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Why would the FBI put new building in a sanctuary state?
The FBI Building in Washington, D.C. - photo by Contributed to the Courier

One of the many important decisions that the Trump Administration has yet to make, is where to relocate the Federal Bureau of Investigation (FBI) headquarters. The current headquarters, which is outdated and crumbling, is in the District of Columbia (D.C.). Several years ago, the Obama Administration began the process of planning the move.

Consideration was limited to just D.C., and nearby localities in Maryland and Virginia. Ultimately, three locations in two counties were chosen for further study. The two counties being considered are Maryland's second most populous county, Prince George's, and Virginia's most populous county, Fairfax.

The new headquarters is expected to cost well over $1 billion and house about 11,000 employees with an annual payroll of hundreds of millions of dollars.

Currently, the decision is on hold pending Congressional authorization of funds for construction. This is good news, because there are several reasons why the Trump administration might wish to allow more localities to compete for the headquarters.

For example, one the localities under consideration, Prince George's County is a sanctuary jurisdiction - meaning that they do not fully support and even obstruct the enforcement of federal immigration law.

According to the Center for Immigration Studies, which keeps track of sanctuary jurisdictions using data obtained from U.S. Immigration and Customs Enforcement of municipalities that refuse to comply with federal detainer requests when illegal immigrants are incarcerated, Prince George's County is a sanctuary jurisdiction.

In 2014, the county executive decided that the county would refuse to comply with ICE requests, unless ICE procured a judicially issued warrant as opposed to the administrative warrants used by the agency.

In 2016, the county board unanimously passed a resolution calling ICE's immigration enforcement procedures "unduly aggressive."

This year, after President Trump signed an executive order to cut off funding to sanctuary jurisdictions, the Prince George's county executive defiantly stated, "It doesn't matter what President Trump says... We're not changing; we're not afraid of what the president has said..."

And making matters worse, the Maryland legislature is set to pass a bill that would make Maryland a sanctuary state. Maryland State Senator Victor Ramirez (D- Prince George's) has introduced the "Maryland Trust Act". The legislation would prohibit police officers from questioning victims and those arrested about their citizenship or place of birth. It would also bar local law enforcement from assisting in immigration enforcement operations. The legislation has a companion bill in the House, which has already passed.

Gov. Larry Hogan has indicated he will veto the legislation, should it reach his desk.

The recent alleged rape of a young 14 year-old girl by two men, Henry E. Sanchez 18, of Guatemala and Jose O. Montano, 17, from El Salvador, in Rockville's Montgomery High School, has further exacerbated the situation. Many Marylanders are only now realizing they already live in sanctuary community.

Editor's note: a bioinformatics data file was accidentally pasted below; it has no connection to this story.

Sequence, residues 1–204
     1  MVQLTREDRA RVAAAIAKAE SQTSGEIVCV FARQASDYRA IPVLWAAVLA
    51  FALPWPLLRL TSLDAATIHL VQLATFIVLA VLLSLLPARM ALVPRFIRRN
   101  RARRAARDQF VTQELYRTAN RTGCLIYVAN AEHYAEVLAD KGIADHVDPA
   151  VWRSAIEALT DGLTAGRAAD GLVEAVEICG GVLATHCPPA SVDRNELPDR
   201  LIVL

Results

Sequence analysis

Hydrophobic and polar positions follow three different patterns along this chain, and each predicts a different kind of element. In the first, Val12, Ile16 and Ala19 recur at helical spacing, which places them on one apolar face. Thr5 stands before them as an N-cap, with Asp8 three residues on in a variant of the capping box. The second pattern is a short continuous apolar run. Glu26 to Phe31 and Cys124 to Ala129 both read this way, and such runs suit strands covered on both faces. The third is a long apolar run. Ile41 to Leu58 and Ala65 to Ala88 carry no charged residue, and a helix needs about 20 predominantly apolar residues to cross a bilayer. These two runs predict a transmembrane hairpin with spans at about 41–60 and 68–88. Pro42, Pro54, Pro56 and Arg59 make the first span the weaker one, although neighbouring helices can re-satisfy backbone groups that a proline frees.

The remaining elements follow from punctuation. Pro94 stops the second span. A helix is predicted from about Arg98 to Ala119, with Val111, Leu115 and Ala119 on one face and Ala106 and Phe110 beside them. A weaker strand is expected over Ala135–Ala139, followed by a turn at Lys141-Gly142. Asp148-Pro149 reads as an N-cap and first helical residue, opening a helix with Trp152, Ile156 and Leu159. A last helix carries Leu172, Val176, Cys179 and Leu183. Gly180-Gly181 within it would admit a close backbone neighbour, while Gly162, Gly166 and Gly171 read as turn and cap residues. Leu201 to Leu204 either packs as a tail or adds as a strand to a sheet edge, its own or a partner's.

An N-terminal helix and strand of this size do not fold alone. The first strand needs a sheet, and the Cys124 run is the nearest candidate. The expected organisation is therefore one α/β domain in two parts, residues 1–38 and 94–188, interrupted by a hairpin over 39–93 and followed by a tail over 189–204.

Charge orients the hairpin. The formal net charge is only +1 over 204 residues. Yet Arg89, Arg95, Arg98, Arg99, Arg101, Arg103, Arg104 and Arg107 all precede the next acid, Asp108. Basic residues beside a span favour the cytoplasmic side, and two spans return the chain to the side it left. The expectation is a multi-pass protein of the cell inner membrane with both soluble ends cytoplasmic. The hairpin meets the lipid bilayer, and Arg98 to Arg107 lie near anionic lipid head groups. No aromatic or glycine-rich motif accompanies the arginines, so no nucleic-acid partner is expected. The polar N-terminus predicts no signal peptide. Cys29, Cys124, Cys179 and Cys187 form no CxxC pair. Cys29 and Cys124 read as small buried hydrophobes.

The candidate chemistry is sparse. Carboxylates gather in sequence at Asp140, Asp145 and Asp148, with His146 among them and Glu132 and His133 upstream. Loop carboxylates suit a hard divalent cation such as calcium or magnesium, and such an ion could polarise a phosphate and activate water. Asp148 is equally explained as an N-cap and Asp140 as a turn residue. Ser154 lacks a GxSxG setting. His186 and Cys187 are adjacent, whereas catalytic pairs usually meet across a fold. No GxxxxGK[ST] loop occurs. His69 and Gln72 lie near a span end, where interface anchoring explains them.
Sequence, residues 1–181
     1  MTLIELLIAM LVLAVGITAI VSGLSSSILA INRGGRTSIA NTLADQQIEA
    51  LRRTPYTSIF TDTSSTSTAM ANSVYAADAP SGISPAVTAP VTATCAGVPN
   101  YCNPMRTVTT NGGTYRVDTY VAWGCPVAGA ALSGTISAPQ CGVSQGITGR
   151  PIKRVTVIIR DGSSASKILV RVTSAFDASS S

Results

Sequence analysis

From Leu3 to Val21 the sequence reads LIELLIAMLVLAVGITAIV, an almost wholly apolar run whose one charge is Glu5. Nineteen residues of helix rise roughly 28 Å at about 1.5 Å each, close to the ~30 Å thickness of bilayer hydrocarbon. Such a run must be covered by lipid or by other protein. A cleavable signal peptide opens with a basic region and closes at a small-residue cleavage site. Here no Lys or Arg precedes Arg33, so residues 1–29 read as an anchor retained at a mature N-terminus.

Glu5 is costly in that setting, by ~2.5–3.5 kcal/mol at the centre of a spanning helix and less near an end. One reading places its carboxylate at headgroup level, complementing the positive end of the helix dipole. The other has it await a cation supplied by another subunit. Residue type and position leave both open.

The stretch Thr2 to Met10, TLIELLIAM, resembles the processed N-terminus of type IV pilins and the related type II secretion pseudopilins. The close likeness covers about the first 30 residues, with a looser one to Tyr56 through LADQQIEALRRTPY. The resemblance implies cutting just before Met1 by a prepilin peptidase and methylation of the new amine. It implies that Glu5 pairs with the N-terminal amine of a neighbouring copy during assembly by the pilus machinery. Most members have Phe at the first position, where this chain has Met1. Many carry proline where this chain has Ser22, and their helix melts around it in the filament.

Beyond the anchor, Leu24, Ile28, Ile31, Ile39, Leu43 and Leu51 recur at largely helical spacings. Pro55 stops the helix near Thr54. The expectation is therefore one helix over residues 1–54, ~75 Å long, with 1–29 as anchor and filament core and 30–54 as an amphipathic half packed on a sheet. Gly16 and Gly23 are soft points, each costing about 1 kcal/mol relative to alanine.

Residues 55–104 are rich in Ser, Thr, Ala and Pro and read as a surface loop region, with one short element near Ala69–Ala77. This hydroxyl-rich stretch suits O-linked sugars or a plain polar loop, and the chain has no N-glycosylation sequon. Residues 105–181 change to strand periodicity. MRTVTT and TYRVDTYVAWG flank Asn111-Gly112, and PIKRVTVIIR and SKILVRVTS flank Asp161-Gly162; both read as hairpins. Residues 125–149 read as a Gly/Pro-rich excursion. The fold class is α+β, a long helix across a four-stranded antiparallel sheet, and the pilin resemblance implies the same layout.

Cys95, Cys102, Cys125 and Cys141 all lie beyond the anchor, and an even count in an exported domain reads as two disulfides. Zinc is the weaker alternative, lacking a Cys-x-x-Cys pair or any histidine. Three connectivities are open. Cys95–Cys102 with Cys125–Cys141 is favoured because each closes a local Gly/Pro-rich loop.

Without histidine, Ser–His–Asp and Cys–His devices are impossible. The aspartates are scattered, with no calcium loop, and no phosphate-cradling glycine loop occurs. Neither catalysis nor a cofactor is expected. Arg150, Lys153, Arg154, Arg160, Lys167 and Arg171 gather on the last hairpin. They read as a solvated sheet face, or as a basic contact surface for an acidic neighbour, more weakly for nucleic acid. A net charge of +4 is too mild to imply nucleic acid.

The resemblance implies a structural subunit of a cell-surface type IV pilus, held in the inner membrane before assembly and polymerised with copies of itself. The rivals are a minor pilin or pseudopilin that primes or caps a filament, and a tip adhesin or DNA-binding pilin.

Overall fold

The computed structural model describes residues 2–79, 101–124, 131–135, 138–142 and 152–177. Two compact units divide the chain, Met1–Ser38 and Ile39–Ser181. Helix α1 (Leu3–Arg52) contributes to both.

Gov. Hogan should hold firm on his promise to veto the sanctuary legislation, and go further by demanding that all counties in Maryland enforce federal immigration law. If Hogan needs a hook, he can point to the new FBI headquarters proposal and note that losing its bid could mean, from the state legislature's a forfeiture of millions in tax revenue to the state.

Even if the bill fails, there is absolutely no reason the FBI headquarters should be located in a sanctuary county like Prince George's. The Trump Administration should reopen the search for a new location for the FBI headquarters.

Americans for Limited Government President Rick Manning, a Maryland resident, noted in a statement, "President Trump promised to defund sanctuary cities and counties in his Jan. 25 executive order, and Prince George's County should be automatically disqualified from consideration for building the FBI headquarters. It would simply be inappropriate to locate the nation's preeminent law enforcement agency in a community that refuses to support the rule of law, particularly given Trump's ban on federal dollars going to sanctuary jurisdictions."

Manning added, "Prince George's opposition to immigration law enforcement should not be rewarded with a giant development and jobs program which would dump millions of dollars in tax revenue into county coffers. Any other sanctuary jurisdictions should similarly be disqualified."

Surely, somewhere in America, a locality can be found that actively - and not just grudgingly - supports the enforcement of our immigration laws. A community that respects the constitution and rule of law deserves to house the FBI, not a community that flouts federal law.

Richard McCarty is a senior research analyst at Americans for Limited Government. Printus LeBlanc is a contributing reporter at Americans for Limited Government.